Plantation forest: Plantation forests range in size depending on whether they were established as public erosion control projects or as private woodlots. There are two dominant plantation species in the area, eucalyptus (Eucalyptus globulus) and cypress (Cupressus lusitanica). Plantation forest occupies only 9.1 km² (2%) of the total land area, which is distributed relatively evenly throughout the kebeles with a larger concentration in Guassa. Plantation forest had a low classification error (3.6%). Dry season NBR values from the Comanagement and Derg periods and the difference in dry season NBR values between the NGO and Transitional periods were the best predictors of this land class.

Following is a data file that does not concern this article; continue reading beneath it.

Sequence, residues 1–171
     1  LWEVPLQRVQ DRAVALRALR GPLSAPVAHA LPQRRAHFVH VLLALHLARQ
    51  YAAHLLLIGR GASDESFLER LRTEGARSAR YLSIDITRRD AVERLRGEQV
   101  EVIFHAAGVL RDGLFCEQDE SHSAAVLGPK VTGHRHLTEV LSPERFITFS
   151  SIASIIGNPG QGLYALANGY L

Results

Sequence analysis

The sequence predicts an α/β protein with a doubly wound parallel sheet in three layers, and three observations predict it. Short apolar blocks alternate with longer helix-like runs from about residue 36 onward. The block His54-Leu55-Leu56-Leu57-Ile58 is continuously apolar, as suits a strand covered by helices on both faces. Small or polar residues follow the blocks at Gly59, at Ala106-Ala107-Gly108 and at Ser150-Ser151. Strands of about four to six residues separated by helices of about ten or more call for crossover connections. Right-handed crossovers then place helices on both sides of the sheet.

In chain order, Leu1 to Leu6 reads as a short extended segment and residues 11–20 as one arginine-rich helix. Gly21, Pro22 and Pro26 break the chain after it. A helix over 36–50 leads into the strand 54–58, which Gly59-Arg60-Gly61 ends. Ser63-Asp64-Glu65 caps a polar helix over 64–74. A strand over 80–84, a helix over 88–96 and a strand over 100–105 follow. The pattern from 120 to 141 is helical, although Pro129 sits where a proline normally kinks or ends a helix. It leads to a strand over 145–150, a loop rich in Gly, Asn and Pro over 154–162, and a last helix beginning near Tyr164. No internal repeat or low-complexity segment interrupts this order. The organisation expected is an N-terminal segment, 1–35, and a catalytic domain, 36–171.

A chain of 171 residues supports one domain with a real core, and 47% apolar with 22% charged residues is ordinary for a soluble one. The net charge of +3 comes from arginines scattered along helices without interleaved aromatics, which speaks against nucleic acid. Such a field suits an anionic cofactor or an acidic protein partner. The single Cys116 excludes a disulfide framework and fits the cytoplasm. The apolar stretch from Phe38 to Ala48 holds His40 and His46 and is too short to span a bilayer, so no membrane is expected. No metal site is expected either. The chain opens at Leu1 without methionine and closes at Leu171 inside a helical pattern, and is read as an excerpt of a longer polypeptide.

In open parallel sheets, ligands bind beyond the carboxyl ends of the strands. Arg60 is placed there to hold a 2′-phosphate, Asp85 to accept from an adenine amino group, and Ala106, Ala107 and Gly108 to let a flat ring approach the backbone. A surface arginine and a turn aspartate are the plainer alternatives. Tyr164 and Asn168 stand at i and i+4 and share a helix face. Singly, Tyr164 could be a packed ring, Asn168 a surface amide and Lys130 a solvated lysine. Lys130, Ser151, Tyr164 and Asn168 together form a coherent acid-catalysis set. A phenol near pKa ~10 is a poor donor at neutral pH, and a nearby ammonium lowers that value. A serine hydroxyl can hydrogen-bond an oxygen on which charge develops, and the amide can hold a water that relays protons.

Water: Open water was only present in one location in the study area, a small reservoir between Gedenbo and Chare kebeles. The two training points we used for this reservoir were both correctly classified. Streams were too small to be captured by this classification. Band 3, band 4, and dry season NBR values from the Comanagement period were the best predictors of this land class.
Constructed areas: Constructed areas are the areas where humans live and construct their houses and other buildings. Constructed areas had such an initially high class error that we removed it from the model and digitized the four cities, 50 churches, 22 schools, and approximately 380 villages by hand. The difficulty of accurately predicting constructed areas was partially due to the small size of individual homesteads, the brightness of tin roofs, and the presence of forest patches close to most residences, all of which led to confusion among constructed areas, farmland, plantation forest, stone, and bare land classes. Constructed areas and water reservoirs together comprise less than 1% of the landscape.